I sit at my daughter’s piano lesson pondering the power of music. We spend an enormous amount of time and money on music. There is little that can dive to the depths of a person’s spirit as quickly and as thoroughly. It flows naturally from people of all cultures and times. Music appears to be the very sound of a person’s soul. What was God thinking that he would weave music into the fabric of humankind?
Make no mistake, music is theological. The largest book of the Bible is nothing more than an ancient songbook. Frequently in scripture people write songs when good things happen. Scripture’s images of heaven all include music. Musical instruments are strewn throughout scripture. The book of the Bible that focuses on human sexuality is called a song. And from the inauguration of formal worship music has taken a primary role. God is very interested in my music.
But I’m not convinced that music is simply about worship. Worship is an important direction to channel the sound of my soul, but that is not its limit: there are many roads music may travel appropriately. I think that for God music is about passion. And since music is woven into the fabric of my very being it has the ability to reach deep down to my core and arouse passion in a unique and extremely powerful way: passion to laughter or passion to tears; passion to excite or passion to subdue; passion to courage or passion to fear. The sound of my soul is the sound of passion unleashed, manifesting in countless ways.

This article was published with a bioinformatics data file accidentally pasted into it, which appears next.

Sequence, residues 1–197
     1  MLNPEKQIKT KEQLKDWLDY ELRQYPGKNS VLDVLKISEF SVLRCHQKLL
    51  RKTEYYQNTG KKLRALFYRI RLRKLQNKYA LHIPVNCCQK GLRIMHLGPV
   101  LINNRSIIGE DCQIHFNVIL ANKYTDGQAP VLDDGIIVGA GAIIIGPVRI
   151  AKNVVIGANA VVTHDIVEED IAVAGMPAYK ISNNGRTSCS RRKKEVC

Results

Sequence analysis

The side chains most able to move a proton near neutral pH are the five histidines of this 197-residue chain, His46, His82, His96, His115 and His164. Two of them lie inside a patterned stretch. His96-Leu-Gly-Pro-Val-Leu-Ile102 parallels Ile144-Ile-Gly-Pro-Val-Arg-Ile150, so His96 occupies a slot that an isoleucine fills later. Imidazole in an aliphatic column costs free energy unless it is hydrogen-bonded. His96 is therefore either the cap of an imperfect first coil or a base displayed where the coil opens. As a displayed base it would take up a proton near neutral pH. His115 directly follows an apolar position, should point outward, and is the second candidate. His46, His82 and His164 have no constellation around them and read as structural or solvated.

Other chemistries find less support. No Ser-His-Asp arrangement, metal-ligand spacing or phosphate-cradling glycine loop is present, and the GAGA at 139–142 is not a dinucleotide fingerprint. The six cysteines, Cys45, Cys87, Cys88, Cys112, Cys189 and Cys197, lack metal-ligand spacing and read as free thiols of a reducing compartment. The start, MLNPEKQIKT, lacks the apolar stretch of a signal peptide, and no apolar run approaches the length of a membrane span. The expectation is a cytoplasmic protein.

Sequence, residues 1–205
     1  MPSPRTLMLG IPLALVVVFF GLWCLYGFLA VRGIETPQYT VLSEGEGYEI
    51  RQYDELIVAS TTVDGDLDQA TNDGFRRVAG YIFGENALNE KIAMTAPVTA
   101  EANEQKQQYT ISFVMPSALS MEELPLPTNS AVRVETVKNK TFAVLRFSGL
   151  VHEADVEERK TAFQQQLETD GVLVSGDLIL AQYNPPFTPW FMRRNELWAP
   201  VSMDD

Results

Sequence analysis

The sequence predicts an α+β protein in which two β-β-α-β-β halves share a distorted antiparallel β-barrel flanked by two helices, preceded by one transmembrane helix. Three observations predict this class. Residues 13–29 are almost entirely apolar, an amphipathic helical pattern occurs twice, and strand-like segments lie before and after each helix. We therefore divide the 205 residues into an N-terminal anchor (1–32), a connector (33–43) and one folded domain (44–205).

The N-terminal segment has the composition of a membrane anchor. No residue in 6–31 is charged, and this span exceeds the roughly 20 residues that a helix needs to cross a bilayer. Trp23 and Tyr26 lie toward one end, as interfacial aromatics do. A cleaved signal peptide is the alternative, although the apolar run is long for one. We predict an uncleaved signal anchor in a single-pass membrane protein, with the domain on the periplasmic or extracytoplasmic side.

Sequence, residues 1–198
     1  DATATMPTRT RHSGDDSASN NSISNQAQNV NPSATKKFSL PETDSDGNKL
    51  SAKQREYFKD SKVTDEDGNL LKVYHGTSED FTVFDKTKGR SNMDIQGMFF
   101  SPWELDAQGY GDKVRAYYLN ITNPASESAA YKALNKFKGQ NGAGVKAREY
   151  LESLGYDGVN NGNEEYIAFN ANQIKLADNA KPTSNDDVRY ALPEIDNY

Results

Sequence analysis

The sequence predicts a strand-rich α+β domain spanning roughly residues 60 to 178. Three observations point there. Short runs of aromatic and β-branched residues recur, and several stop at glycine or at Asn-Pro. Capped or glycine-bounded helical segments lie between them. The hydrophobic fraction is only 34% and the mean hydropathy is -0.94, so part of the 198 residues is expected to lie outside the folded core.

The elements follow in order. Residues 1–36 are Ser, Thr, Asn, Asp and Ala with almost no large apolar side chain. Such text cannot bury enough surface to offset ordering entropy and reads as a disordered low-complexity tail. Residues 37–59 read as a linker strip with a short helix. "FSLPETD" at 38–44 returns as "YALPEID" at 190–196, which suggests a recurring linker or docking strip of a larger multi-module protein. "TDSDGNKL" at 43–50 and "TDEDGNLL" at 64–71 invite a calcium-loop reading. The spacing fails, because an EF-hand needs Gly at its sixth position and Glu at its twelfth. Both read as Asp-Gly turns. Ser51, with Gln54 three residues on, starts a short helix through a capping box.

What then shall I say, for if music is the unleashing of the passion of my soul then to what ends will that passion be unleashed? Certainly this world has learned to arouse those passions in harmful and destructive ways, leading me down the road of aggression, down the road of the objectification of the companion gender, down the road of the glorification of self, down the road of idolatry. Few of humankind’s passions are worthy of the divine without intervention.
God has created me with a mechanism to tap into and unleash my passion almost immediately. It is my responsibility to control how that mechanism is used. Like most things in life, music is neither inherently good nor inherently evil. I can allow music to arouse within me the beautiful, the sublime, the transcendent, or I can allow it to arouse the sensual, the hostile, and the mundane. I am not without recourse—I decide what will be unleashed from within me; I decide what sound my soul will make. I may be vulnerable to music’s power, but I am not helpless to control the ends to which that power is used. Scripture indicates that the worthwhile end is to unleash that passion for righteousness.
So play on my sweet daughter, and use your music for good!